• Professional Website and SEO: Develop an enticing website that showcases your chocolate products, shares your brand story, and is optimized for search terms using best SEO practices related to artisan chocolates, gourmet gifts, and luxury treats.
  • Social Media Engagement: Use platforms like Instagram, Pinterest, and Facebook to post mouth-watering images of your chocolates, behind-the-scenes glimpses of the chocolate-making process, and special promotions.

Content Marketing and Engagement

  • Chocolatier Blog: Share articles about the art of chocolate making, the origins of your ingredients, and pairing suggestions for chocolate with wines, coffees, or teas.
  • Customer Stories and Reviews: Feature testimonials from satisfied customers and stories of how your chocolates have been part of special occasions.
  • Educational Videos: Create content that demonstrates your chocolate-making process, explores different chocolate varieties, or offers insights into what makes your chocolates unique.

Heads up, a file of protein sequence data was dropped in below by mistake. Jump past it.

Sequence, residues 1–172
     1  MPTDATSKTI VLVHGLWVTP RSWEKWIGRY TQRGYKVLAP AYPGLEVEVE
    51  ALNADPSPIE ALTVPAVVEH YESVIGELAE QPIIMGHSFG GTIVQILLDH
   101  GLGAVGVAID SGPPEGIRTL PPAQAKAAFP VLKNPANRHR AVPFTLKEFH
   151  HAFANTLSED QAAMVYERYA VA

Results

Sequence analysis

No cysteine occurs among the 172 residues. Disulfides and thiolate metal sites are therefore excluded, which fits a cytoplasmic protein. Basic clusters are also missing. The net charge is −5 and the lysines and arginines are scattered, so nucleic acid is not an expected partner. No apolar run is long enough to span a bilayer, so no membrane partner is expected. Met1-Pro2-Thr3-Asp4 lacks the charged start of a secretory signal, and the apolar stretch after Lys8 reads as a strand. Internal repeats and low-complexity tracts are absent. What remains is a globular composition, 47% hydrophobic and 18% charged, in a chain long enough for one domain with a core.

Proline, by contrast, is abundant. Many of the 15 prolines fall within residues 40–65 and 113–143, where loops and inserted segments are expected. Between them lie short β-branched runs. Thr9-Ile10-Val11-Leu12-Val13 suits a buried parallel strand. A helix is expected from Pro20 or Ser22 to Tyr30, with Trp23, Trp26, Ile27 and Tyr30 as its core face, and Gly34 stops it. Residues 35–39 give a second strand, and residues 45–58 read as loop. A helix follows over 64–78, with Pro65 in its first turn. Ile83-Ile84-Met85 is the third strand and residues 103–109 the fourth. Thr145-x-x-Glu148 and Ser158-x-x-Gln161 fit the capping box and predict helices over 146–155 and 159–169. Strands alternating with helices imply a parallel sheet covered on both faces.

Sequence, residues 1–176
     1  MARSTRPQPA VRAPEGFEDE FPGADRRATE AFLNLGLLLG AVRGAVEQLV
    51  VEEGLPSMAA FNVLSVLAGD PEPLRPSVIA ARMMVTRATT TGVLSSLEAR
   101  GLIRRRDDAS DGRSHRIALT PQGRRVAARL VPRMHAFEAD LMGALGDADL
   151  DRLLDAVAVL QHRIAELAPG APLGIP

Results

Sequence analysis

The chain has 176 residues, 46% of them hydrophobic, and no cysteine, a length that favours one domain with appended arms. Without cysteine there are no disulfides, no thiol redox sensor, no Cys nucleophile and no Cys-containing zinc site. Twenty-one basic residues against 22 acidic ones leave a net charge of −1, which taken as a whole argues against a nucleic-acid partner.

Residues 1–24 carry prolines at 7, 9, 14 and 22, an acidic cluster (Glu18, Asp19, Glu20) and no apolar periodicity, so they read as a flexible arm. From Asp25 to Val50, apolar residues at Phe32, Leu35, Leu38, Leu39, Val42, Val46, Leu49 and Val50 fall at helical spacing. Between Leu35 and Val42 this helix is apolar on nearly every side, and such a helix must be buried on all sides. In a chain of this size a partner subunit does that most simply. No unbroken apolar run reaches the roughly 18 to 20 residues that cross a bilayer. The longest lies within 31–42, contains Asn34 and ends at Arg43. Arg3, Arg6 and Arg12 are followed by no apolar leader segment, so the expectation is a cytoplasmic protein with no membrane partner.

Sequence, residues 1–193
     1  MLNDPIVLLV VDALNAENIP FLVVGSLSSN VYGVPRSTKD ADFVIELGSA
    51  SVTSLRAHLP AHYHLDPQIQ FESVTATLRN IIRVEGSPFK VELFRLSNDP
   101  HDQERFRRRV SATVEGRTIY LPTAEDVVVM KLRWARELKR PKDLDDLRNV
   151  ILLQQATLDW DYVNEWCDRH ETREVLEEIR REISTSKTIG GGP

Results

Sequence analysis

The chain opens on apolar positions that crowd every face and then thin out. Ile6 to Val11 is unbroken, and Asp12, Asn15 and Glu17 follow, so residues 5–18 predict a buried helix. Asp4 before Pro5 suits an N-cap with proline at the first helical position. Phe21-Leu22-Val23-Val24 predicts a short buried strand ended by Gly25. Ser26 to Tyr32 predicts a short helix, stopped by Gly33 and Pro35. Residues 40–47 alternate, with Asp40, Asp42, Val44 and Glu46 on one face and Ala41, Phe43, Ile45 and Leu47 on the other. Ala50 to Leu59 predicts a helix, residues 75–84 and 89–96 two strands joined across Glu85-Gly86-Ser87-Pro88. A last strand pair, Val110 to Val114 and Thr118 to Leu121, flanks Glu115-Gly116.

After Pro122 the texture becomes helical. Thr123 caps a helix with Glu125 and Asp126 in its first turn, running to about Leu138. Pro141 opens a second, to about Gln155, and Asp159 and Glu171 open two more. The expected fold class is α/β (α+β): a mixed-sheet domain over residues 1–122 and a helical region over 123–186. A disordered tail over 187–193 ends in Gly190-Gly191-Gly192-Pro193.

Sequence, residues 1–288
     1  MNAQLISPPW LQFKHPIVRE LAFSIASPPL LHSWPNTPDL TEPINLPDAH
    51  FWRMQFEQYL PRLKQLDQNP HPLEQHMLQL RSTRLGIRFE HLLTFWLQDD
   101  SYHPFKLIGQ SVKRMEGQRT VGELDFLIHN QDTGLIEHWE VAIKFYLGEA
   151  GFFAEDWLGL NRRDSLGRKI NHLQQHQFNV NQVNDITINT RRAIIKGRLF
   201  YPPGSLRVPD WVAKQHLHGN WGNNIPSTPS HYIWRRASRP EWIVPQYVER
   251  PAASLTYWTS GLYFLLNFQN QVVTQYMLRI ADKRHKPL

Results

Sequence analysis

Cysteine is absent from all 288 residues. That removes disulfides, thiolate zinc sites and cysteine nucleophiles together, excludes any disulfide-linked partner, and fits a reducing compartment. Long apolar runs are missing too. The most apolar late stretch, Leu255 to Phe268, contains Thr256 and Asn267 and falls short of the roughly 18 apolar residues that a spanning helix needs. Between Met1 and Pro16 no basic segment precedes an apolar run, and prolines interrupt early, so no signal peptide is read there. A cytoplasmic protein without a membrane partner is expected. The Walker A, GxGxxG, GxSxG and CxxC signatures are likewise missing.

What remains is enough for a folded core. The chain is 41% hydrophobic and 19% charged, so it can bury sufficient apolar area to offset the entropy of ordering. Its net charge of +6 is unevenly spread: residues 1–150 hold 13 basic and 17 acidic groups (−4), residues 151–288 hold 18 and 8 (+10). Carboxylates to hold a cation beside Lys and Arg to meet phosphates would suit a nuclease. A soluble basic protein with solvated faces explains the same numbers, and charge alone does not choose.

Experiential and In-Person Engagements

  • Chocolate Tasting Events: Host tasting events where customers can sample different chocolates and learn about the chocolate-making process.
  • Participation in Local Markets and Food Expos: Showcase your products at local farmers’ markets, food festivals, and expos to reach a broader audience.

Collaborations and Community

  • Partnerships with Local Businesses: Collaborate with local cafes, restaurants, and hotels to offer your chocolates in their establishments or as part of their menu offerings.
  • Community Engagement: Participate in community events, sponsor local activities, and collaborate with charities to increase brand visibility and goodwill.

Customer Relationship and Loyalty Programs

  • Loyalty Rewards Program: Implement a program that offers regular customers discounts, early access to new products, or special members-only tastings.
  • Referral Incentives: Encourage customers to refer friends and family with discounts or gift packages.

Promotions and Advertising

  • Targeted Advertising: Use online advertising platforms, food and lifestyle magazines, and local media to reach potential customers who are interested in gourmet food and luxury products.
  • Email Marketing: Maintain engagement with your customers through newsletters featuring new product launches, chocolate recipes, and exclusive offers.